A volcano is an opening in Earth’s surface where lava, gases, and bits of rock erupt. Ash and dust burst from the opening at the top. You can make a model to show what happens when a volcano erupts. Ask a question about how volcanoes can change Earth’s surface.

LESSON 2 • Fast Changes on Earth

103

Materials Checklist   dish soap

 paint

  plastic cup

  safety goggles

  baking soda

 water

 vinegar

 gloves

HM

M Step 1  Talk with a partner about how you can model a volcanic eruption.

Step 2  Mix together dish soap, baking soda, paint, and water in the cup. Record what you observe.

104

LESSON 2 • Fast Changes on Earth

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Why is it important to listen when other people are talking?

© Houghton Mifflin Harcourt Publishing Company

Step 3  Slowly pour the vinegar into the cup. Record what you observe.

Step 4  Discuss your observations with your partner. How does your volcano compare to a real volcano?

LESSON 2 • Fast Changes on Earth

105

Make a claim about how a volcano can cause fast changes to Earth’s surface.

What is your evidence? Talk with a partner about your reasoning.

Making Sense I explored

How does this help me explain how events cause fast changes to Earth’s surface?

106

LESSON 2 • Fast Changes on Earth

© Houghton Mifflin Harcourt Publishing Company



© Houghton Mifflin Harcourt Publishing Company • Image Credits: (c) ©wachira tasee/Shutterstock

Model Moving Water

Moving water has flooded this area, which is usually dry. The land is covered with water. The water has knocked over trees. Think about whether this happens quickly or slowly. Ask a question about how moving water can change Earth’s surface.

LESSON 2 • Fast Changes on Earth

107

Materials Checklist  soil

  a container

 sand

 water

 rocks

 gloves

  safety goggles NEAT

Step 2  Talk with a partner about what you think the model will look like after you add water. Will adding water be a fast change or a slow change to the land? 108

LESSON 2 • Fast Changes on Earth

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Step 1  Make a model of land using rocks, soil, and sand. Draw your model.

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Step 3  Quickly pour water onto the model. Record what you observe.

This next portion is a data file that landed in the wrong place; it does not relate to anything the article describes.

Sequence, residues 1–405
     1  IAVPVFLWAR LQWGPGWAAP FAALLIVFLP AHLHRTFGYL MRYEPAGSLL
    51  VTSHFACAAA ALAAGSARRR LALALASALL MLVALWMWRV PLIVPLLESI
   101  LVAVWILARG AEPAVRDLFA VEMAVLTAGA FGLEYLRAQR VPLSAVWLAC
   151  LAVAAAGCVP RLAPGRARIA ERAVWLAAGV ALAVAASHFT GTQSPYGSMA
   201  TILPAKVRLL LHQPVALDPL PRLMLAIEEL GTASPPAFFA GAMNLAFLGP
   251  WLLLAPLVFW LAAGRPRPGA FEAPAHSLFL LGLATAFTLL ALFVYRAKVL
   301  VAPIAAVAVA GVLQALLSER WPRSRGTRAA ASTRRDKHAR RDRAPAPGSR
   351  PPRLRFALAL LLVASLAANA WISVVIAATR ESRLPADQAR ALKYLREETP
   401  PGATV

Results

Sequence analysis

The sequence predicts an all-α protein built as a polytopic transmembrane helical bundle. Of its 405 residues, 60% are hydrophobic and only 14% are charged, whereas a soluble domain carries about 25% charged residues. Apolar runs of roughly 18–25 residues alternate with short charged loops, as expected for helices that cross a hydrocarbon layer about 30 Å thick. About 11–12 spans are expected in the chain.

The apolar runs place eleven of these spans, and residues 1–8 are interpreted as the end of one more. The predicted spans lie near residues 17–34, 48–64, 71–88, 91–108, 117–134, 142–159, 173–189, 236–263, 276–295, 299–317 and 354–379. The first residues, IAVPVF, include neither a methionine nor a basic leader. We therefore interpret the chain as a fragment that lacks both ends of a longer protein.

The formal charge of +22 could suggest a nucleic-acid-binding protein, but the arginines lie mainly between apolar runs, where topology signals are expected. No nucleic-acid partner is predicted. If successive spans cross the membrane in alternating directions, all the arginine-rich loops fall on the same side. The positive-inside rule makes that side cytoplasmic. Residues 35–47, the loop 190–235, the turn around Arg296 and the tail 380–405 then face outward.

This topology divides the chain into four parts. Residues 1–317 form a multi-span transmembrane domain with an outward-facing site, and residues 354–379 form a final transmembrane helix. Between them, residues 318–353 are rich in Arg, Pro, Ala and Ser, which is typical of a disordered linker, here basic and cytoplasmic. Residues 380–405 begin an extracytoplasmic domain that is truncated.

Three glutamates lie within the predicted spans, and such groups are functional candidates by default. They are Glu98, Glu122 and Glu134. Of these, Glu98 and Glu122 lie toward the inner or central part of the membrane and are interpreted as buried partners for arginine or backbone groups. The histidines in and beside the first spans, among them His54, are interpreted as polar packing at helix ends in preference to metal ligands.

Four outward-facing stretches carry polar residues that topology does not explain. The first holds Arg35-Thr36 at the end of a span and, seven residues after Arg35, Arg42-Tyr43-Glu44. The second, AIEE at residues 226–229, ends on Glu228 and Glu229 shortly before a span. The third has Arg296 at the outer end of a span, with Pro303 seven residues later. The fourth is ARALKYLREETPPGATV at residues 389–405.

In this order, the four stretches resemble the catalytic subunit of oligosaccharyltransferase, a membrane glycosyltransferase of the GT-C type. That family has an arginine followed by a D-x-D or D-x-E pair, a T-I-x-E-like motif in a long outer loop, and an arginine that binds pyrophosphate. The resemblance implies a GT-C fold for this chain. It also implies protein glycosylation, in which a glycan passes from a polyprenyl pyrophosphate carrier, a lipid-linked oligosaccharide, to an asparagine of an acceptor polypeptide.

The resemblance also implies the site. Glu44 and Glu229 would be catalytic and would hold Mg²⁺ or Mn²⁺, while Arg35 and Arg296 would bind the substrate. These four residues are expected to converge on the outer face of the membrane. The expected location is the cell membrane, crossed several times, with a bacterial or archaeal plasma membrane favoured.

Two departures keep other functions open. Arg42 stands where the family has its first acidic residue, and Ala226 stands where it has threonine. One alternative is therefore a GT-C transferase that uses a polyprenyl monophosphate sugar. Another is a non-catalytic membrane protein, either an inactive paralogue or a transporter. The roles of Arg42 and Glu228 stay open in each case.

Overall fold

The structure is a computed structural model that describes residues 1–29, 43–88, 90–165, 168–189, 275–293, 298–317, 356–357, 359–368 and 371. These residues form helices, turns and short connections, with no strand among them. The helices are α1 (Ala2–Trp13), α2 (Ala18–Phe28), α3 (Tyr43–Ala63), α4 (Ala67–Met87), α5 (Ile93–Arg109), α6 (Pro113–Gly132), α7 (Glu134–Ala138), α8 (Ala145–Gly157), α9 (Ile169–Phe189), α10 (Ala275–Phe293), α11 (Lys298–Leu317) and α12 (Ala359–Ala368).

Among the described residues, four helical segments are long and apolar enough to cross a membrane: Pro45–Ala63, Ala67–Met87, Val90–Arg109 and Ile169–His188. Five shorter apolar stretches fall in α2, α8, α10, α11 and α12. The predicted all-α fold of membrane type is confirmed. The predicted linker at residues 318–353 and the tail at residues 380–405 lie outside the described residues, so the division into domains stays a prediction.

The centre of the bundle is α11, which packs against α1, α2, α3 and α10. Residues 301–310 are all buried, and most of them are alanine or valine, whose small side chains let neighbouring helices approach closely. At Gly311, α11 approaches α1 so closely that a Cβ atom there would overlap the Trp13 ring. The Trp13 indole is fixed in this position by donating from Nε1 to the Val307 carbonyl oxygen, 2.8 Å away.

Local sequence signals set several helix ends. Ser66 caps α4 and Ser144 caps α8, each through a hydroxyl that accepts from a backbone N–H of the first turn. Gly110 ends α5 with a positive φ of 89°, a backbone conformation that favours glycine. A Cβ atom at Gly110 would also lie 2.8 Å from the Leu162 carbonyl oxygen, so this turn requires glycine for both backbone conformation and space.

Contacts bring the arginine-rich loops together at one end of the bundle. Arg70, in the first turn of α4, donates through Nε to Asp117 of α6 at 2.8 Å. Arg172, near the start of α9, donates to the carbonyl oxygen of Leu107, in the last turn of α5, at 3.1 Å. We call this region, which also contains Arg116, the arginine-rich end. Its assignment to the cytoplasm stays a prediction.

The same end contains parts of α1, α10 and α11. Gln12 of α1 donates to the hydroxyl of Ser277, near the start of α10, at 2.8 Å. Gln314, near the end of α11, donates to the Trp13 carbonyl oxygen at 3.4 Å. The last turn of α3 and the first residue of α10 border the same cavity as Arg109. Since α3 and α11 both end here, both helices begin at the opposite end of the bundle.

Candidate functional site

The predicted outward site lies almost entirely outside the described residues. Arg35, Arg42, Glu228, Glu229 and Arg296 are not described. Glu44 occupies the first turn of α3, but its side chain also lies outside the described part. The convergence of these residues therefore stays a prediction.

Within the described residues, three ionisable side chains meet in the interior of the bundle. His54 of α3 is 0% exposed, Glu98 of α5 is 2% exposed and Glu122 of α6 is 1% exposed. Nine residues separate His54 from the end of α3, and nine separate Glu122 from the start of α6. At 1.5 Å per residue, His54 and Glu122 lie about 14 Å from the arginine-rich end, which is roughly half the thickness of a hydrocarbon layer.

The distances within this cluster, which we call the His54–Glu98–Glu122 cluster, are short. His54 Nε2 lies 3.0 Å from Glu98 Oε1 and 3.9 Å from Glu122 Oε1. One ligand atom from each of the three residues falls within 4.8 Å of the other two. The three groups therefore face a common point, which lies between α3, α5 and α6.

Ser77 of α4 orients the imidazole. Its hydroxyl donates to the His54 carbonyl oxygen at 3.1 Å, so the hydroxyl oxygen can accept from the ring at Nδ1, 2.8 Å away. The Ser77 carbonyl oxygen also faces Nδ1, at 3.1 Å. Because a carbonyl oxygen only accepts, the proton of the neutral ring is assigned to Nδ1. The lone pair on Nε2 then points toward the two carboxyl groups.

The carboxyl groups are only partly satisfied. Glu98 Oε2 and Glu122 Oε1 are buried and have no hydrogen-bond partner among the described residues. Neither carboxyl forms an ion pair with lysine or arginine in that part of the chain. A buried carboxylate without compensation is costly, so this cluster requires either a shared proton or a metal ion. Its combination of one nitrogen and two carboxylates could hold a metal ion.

Step 4  Compare the model before and after you added water. How does this help you understand how moving water changes an area?

LESSON 2 • Fast Changes on Earth

109

Make a claim about how moving water can cause fast changes to Earth’s surface.

What is your evidence? Talk with a partner about your reasoning.

Making Sense I explored

How does this help me explain how events cause fast changes to Earth’s surface?

110

LESSON 2 • Fast Changes on Earth

© Houghton Mifflin Harcourt Publishing Company



Name 

Lesson Check Ca n You Explain It?

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How do these events quickly change Earth’s surface? Be sure to explain what happens during each event to cause these changes.

LESSON 2 • Fast Changes on Earth

111

Self Check 1. How does moving water change Earth’s surface? Write 1, 2, and 3 to show the correct order.





2. Lava and ash have quickly covered the land. Which event caused this to happen? A

an earthquake

B

moving water

C

a volcano erupting

112

LESSON 2 • Fast Changes on Earth

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© Houghton Mifflin Harcourt Publishing Company • Image Credits: (tl) ©Hotshotstock/Shutterstock; (tr) ©Hotshotstock/Shutterstock

3. Compare the pictures. How did an earthquake change Earth’s surface? Explain if the change was fast or slow.

4. Mia’s teacher shared a picture of an area with lots of trees. Then she shared a picture of the same area covered by water. How can moving water change Earth’s surface?

LESSON 2 • Fast Changes on Earth

113

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Lesson 3

Prevent Wind a nd Water from Cha nging La nd

On a roll!

114

LESSON 3 • Prevent Wind and Water from Changing Land

What do you notice about the rocks and the technology in use? What do you wonder about the rocks and the technology in use?

Ca n You Explain It?

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How can people help prevent fast changes to Earth’s surface?

LESSON 3 • Prevent Wind and Water from Changing Land

115

Crops can grow well in healthy soil. Soil can become unhealthy. This can happen quickly or slowly. For example, wind can slowly blow away healthy soil. Windbreaks are trees and shrubs used to block wind. Ask a question about how wind can cause soil to become unhealthy.

116

LESSON 3 • Prevent Wind and Water from Changing Land

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Explore Changing Land

Materials Checklist   pictures of farmland

YIKES!

  pictures of windbreaks

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Step 1  Observe the pictures of the farmland. Talk with a partner about what causes the soil of the farmland to change.

Step 2  Study the pictures of the windbreaks. With your partner, show how farmers can use trees to help stop soil from blowing away.

LESSON 3 • Prevent Wind and Water from Changing Land

117

Step 3  Compare your models to your classmates’ models. Make a claim about how windbreaks help farmland.

What is your evidence? Talk with a partner about your reasoning.

Making Sense I explored

How does this help me explain how people help prevent fast changes to Earth’s surface?

118

LESSON 3 • Prevent Wind and Water from Changing Land